‘Sometimes I think a man could wander across the Disc all his life and not see everything there is to see,’ said Twoflower. ‘And now it seems there are lots of other worlds as well. When I think I might die without seeing a hundredth of all there is to see it makes me feel,’ he paused, then added, ‘well, humble I suppose. And very angry, of course.’
While wealth and authority conspire to enable Twoflower’s contempt for the limits of his agency, Rincewind is dragged along by both, buffeted around by power like a leaf in a hurricane. It’s all the agency he can muster to stay alive and escape those who would brutalize him while he does his job. Moreover, when he’s finally had enough of being dragged around on dangerous adventures by a clueless tourist, he doesn’t have a cathartic moment of violence and control. He just says he wants to go home, and puts his foot down in the general direction of Ankh-Morpork.
Once More, Unto the Road!
Rincewind does get one moment of cathartic empowerment. As a climactic apocalypse nears, where the world-remaking spell inside his head will clamber out, he’s backed into a corner by the various forces that have conspired to make his life miserable until now. He ends up saving the world by fist fighting another wizard possessed by a Lovecraftian horror because he’s there and he’s trapped with his back up against the proverbial wall of an apocalypse that only he is equipped to avert.
In fact, the one moment of real, uncompromised agency Rincewind has in the whole story is when he frees himself of the influences that have manipulated his fate until now. When he finally opens the Necronomicon, the spell book from whence the spell in his head came, he proverbially stares down the spell and demands it leave. Moreover, the apocalypse that had the whole world suffering mortal terror, such that they started worshiping a growing red star in the sky, turns out to merely be a harmless instance of Great A’Tuin mating at a cosmic breeding ground. The world utterly fails to end, not with a bang, but with an ejaculation. So, with another kind of bang.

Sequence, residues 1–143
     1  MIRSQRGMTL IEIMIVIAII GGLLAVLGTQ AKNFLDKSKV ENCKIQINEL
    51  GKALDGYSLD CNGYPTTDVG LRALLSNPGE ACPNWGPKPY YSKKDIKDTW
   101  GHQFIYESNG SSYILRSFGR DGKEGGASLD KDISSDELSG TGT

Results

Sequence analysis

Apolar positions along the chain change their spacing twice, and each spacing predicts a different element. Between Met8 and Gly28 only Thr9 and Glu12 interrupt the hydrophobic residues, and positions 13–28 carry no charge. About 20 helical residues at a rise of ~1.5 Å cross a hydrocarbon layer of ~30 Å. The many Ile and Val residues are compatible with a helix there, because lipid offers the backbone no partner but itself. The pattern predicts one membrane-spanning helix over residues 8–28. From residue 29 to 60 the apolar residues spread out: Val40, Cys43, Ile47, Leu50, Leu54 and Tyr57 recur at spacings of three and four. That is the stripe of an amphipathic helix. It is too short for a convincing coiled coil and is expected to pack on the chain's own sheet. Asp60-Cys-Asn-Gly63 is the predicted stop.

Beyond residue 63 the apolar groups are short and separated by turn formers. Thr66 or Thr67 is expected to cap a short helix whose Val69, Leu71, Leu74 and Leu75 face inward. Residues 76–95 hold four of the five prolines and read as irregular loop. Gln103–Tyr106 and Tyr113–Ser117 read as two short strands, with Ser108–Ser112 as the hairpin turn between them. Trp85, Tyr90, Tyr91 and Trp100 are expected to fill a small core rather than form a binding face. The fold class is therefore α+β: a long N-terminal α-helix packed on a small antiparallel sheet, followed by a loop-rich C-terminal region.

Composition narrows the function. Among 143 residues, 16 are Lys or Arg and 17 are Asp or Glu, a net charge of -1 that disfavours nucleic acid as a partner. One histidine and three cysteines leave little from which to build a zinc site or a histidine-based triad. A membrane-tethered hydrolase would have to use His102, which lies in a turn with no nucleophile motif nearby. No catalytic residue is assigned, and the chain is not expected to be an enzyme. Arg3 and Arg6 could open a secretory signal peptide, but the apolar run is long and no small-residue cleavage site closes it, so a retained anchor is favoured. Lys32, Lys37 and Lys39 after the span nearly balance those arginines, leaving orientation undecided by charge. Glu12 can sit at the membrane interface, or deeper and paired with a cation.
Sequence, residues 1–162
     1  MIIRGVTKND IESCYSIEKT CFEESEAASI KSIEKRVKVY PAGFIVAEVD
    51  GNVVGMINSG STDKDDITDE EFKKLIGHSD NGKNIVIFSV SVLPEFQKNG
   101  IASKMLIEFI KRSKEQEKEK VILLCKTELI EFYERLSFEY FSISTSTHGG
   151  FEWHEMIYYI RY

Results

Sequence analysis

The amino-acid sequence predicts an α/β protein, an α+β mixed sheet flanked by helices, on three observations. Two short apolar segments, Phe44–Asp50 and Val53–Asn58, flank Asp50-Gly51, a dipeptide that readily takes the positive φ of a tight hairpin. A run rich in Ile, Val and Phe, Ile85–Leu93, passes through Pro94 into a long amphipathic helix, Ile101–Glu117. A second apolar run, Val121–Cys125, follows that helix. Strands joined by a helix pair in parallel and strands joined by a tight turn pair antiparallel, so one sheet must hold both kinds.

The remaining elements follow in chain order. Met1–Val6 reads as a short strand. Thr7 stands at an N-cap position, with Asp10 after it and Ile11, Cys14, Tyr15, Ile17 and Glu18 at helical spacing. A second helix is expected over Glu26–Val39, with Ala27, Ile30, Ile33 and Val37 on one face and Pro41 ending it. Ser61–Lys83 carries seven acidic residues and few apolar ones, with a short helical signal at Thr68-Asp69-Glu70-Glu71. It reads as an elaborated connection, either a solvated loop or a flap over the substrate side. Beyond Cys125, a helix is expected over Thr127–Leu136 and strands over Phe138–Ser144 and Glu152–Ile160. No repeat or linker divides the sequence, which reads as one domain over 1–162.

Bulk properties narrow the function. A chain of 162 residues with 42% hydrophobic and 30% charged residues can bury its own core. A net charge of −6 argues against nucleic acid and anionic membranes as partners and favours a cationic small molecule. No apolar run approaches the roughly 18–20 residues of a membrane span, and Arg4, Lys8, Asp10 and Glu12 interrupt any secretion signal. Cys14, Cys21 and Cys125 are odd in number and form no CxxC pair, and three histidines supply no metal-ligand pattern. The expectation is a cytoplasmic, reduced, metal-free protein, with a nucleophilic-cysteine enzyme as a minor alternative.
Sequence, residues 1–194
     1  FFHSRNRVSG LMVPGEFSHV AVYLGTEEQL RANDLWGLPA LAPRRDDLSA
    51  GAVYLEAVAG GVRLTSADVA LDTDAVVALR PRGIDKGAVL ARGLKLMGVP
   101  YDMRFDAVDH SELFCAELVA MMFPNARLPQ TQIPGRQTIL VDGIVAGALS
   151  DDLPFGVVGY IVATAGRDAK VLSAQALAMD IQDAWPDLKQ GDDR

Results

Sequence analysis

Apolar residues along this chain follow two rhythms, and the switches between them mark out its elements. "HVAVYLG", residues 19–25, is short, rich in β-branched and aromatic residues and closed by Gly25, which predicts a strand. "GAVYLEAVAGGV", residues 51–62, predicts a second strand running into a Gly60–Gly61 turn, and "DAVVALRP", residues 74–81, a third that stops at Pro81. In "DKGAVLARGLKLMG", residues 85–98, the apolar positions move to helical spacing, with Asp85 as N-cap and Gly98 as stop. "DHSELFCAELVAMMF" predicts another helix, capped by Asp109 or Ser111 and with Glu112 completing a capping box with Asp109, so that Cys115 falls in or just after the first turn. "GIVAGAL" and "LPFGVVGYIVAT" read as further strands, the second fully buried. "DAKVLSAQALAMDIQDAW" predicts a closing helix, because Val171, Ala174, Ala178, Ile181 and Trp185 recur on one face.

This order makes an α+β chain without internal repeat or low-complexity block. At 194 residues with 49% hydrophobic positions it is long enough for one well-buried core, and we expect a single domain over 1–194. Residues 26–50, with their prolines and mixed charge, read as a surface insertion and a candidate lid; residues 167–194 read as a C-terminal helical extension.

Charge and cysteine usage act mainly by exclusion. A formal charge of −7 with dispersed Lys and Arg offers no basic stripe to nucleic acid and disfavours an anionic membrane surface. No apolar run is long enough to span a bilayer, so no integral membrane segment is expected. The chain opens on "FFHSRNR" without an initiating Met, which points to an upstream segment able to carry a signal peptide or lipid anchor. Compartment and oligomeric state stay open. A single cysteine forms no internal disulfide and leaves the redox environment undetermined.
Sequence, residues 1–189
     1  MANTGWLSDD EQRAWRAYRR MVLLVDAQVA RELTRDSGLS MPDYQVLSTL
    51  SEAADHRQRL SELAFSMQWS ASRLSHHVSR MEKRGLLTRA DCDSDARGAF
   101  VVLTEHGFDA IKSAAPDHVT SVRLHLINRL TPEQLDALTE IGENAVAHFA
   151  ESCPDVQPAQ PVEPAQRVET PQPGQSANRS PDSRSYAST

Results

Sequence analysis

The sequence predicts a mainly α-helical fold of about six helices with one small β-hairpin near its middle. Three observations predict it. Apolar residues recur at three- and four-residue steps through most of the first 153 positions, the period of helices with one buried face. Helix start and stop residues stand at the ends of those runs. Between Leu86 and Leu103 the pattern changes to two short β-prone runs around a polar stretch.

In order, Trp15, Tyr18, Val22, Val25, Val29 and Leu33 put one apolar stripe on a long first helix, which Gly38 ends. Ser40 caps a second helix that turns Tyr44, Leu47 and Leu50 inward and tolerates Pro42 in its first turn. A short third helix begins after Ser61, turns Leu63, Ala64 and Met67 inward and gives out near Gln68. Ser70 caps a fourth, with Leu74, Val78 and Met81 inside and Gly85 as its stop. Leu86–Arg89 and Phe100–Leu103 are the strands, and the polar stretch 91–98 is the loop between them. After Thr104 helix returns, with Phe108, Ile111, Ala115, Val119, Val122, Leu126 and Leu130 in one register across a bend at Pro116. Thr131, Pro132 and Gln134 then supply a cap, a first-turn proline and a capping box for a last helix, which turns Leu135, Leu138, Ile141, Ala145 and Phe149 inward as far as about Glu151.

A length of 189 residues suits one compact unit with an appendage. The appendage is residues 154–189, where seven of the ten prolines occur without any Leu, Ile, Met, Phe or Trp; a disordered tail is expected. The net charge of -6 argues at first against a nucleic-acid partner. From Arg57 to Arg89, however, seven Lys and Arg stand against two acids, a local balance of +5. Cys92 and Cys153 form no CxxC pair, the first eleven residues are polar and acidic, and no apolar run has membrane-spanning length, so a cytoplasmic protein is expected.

And isn’t that more true to an “ordinary” life than McClane waging a guerrilla campaign in a skyscraper? Heroes like McClane, Link, Captain America, or Nathan Drake are “ordinary” people “called” to some higher service that they gladly, or at least glibly, undertake. This mission is usually ennobling, enriching, or empowering, but whatever the case, they take on massive responsibility for the fate of the world. They firmly occupy the driver’s seat of their destiny and make good use of it to prove their meritorious mettle.
But seriously, who can relate to being absolutely in control of their own destiny? Such stories can be cathartic fantasies, but when they become an archetypal norm they start to feel oppressive and demanding. When everybody who doesn’t have all their shit together and their loins properly girded is merely an extra, it starts to feel like these stories aren’t really made for us, but at us.
By contrast, Rincewind is in the much more recognizable position of simply being employed. Besides the fact that few sane people would willingly subject themselves to extreme danger like Drake or Link, regardless of the calling, who can’t relate to being told what to do by people with more power than them for reasons above their pay grade? Individual agency is often circumscribed by nonsensical circumstances determined by petty and not particularly intelligent people who have more power than others by mere cosmic coincidence. That’s not an adventure, that’s just life.
Rincewind’s happy ending sees him moving on with his life, finally able to pursue his own ends with newfound wealth, as Twoflower bequeaths the Luggage as a parting gift. The adventure is not the moment where Rincewind’s agency is greatest. It’s the moment after that, where he has finally divested himself of a largely pointless higher calling and is able to pursue his own fulfillment on his own terms. That’s the kind of happy ending I want. Not one where I’m powerful, but one where I’m free.
Pratchett’s prose, when settling on the fate of an unnamed pirate captain who happened to stumble into the Luggage’s enraged wake out in the sea, puts it best:
“Some pirates achieved immortality by great feats of cruelty or derring-do. Some achieved immortality by amassing great wealth. But the captain had long ago decided that he would, on the whole, prefer to achieve immortality by not dying.”